SETTING: Watamote’s setting, of course, is at your standard high school in Japan, where there’s a lot of normal high school things going on—without Tomoko being included. To really rub that point in, Watamote brings in every possible situation that high school-based anime rely on and then contorts those situations to show how traumatic they would be for a social outcast. Grabbing some fast food after school? Super stressful if you’re by yourself. Helping with the culture festival? Horrible if you’re so ignored that no one asks you for help with any of the work. Changing seats? A way to remind you that no one in the class cares to get to know you. Though I didn’t have an awful high school experience, this did serve to bring back a lot of my anxiety from the time period, which didn’t make it all that fun to watch.

Granted, Watamote also brings in a lot of silly referential humor through various settings, like Tomoko fantasizing about being in a K-On!-style light music club. If you’re well-versed in popular otaku anime, you’ll appreciate the humor and find Tomoko even more ridiculous for thinking her life could turn out like those anime. These were the high points of the show for me and edged it towards being more worth watching.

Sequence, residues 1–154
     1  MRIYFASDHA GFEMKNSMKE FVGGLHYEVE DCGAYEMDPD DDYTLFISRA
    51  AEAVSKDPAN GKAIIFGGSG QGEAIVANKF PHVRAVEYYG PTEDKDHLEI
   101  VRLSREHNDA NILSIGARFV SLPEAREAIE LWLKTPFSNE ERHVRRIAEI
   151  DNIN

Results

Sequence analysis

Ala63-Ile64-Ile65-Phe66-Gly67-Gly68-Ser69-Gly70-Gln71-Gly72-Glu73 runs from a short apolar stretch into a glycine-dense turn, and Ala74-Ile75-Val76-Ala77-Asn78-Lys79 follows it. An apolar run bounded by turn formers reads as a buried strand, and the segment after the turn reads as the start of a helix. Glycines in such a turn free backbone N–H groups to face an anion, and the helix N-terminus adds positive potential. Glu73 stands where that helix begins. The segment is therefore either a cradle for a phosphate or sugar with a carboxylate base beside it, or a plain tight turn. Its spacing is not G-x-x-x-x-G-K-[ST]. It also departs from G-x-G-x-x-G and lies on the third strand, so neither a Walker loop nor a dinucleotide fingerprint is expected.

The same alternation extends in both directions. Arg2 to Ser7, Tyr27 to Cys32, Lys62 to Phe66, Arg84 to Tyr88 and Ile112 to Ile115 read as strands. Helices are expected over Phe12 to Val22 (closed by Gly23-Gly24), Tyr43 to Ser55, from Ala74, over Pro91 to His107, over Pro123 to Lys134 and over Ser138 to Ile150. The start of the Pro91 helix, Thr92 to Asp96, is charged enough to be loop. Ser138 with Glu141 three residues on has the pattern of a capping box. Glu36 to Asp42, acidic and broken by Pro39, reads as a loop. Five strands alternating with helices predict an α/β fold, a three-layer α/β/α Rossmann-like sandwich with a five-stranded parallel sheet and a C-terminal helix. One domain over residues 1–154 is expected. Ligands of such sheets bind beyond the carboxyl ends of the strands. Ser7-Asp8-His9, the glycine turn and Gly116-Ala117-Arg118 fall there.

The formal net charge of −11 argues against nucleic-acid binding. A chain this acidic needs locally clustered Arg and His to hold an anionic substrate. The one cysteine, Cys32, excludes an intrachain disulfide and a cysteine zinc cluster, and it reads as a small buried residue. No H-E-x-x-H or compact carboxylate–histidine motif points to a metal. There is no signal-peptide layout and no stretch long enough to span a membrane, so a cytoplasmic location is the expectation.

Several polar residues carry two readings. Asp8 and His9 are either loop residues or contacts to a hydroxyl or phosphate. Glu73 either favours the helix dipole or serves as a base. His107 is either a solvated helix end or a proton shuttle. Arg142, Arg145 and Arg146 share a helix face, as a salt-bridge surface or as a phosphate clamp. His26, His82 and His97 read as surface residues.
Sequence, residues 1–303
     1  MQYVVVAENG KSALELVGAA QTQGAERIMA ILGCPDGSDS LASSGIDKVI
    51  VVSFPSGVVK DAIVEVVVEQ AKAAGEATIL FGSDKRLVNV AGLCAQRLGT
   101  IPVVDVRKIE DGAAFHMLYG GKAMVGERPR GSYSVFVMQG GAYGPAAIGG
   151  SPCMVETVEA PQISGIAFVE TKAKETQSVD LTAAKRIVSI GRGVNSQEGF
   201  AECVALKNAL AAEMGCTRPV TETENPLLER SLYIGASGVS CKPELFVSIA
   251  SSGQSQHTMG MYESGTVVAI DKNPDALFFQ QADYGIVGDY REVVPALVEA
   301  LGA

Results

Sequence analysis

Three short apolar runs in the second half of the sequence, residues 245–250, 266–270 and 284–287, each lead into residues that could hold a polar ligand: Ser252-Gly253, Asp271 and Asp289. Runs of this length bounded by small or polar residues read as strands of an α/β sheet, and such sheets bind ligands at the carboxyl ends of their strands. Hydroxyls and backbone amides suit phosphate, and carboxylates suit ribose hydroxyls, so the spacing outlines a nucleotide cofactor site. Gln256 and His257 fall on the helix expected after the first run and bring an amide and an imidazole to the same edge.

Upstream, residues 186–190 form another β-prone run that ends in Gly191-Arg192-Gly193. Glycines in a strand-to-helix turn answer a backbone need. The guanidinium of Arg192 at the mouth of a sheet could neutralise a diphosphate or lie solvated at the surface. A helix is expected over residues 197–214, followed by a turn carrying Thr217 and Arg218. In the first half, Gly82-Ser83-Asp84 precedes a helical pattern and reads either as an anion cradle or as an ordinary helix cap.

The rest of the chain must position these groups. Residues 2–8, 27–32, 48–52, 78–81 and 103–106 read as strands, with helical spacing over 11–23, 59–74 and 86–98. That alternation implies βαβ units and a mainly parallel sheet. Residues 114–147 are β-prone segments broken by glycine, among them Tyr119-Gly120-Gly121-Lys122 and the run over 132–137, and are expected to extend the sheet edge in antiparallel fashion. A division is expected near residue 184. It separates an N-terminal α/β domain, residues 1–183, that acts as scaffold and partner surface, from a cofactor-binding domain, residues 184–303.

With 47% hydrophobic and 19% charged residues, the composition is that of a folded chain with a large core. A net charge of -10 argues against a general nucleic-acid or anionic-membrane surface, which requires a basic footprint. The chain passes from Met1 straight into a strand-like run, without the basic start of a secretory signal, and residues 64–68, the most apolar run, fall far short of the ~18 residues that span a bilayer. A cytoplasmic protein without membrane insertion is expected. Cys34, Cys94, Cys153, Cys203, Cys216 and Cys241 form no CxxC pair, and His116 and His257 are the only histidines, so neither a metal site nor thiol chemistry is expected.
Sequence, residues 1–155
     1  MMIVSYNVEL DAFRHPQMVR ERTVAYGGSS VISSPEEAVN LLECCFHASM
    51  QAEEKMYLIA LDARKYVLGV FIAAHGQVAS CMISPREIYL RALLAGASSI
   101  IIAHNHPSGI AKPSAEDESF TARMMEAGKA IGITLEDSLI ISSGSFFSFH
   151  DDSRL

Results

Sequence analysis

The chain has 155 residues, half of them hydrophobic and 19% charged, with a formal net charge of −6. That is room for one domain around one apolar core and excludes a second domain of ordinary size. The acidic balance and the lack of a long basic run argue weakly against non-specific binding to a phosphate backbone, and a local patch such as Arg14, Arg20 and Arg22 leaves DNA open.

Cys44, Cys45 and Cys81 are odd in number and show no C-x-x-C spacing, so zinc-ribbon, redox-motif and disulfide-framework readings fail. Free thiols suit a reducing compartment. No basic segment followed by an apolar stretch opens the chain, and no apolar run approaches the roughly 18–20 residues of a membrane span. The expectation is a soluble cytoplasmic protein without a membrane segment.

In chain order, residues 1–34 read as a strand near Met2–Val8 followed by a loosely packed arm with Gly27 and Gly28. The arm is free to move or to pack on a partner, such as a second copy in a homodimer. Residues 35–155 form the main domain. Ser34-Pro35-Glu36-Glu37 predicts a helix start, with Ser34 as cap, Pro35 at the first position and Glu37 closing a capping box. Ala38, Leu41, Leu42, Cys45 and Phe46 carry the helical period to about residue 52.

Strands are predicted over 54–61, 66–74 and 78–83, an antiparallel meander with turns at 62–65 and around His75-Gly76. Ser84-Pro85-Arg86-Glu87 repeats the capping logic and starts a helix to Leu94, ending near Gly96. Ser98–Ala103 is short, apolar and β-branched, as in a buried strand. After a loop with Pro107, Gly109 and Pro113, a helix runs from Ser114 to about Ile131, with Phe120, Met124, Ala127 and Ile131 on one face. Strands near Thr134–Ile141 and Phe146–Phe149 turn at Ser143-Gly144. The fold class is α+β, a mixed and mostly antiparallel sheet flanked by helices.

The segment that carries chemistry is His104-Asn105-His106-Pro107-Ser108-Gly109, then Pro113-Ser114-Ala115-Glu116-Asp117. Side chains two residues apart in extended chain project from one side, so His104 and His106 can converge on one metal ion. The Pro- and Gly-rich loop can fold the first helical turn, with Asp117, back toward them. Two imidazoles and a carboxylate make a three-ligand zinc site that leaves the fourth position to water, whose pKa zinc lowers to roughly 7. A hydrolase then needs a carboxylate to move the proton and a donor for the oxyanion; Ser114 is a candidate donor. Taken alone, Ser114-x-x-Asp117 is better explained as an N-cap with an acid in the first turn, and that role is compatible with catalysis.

CHARACTERS: Tomoko is a tough pill to swallow. I’m usually a very empathetic person, but I had a very hard time relating to this character, no matter how much I wanted to. Just like Crystal says, Tomoko is not only horribly social awkward, but she is also a very negative person. Rather than take ownership for her own mistakes, she projects a lot of the blame onto the world around her. A lot of this comes from her failures to seduce those around her and become accepted into other groups. Sadly she takes this rejection and uses it as fuel to lash out at those around her who already accept her for her true personality, like her parents.

While I said before that her relationship with her brother is helpful, it’s also very pained, as her brother Tomoki quite reluctantly deals with his sister’s anxiety. Being a sibling myself, I can relate a lot more with him and how he wants to encourage his sister. His reluctance to get too involved shows he most likely tried to help before, and it backfired on him in some way. I can easily imagine it, since Tomoko constantly makes his life more difficult with her crazy antics already.